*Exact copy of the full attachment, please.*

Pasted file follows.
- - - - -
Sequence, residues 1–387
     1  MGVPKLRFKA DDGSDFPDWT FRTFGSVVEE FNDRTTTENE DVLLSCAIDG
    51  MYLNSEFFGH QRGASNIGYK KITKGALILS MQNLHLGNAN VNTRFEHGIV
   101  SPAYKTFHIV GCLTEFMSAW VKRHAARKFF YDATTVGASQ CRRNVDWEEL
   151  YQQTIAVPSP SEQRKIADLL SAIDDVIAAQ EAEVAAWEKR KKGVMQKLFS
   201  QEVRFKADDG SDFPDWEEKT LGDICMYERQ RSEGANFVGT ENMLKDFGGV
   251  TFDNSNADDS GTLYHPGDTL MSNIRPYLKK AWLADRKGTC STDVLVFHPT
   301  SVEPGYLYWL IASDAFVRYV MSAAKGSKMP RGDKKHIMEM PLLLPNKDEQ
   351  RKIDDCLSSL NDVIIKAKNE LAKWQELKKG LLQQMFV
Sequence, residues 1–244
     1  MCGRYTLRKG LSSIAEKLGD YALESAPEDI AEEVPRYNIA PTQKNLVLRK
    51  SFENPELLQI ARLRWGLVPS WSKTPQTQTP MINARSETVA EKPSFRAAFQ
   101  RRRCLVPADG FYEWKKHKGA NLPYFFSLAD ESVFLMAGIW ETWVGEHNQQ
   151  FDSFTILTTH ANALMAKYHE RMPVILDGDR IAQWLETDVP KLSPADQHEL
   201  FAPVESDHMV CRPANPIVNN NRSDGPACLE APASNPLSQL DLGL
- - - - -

Sequence, residues 1–387
     1  MGVPKLRFKA DDGSDFPDWT FRTFGSVVEE FNDRTTTENE DVLLSCAIDG
    51  MYLNSEFFGH QRGASNIGYK KITKGALILS MQNLHLGNAN VNTRFEHGIV
   101  SPAYKTFHIV GCLTEFMSAW VKRHAARKFF YDATTVGASQ CRRNVDWEEL
   151  YQQTIAVPSP SEQRKIADLL SAIDDVIAAQ EAEVAAWEKR KKGVMQKLFS
   201  QEVRFKADDG SDFPDWEEKT LGDICMYERQ RSEGANFVGT ENMLKDFGGV
   251  TFDNSNADDS GTLYHPGDTL MSNIRPYLKK AWLADRKGTC STDVLVFHPT
   301  SVEPGYLYWL IASDAFVRYV MSAAKGSKMP RGDKKHIMEM PLLLPNKDEQ
   351  RKIDDCLSSL NDVIIKAKNE LAKWQELKKG LLQQMFV
Sequence, residues 1–244
     1  MCGRYTLRKG LSSIAEKLGD YALESAPEDI AEEVPRYNIA PTQKNLVLRK
    51  SFENPELLQI ARLRWGLVPS WSKTPQTQTP MINARSETVA EKPSFRAAFQ
   101  RRRCLVPADG FYEWKKHKGA NLPYFFSLAD ESVFLMAGIW ETWVGEHNQQ
   151  FDSFTILTTH ANALMAKYHE RMPVILDGDR IAQWLETDVP KLSPADQHEL
   201  FAPVESDHMV CRPANPIVNN NRSDGPACLE APASNPLSQL DLGL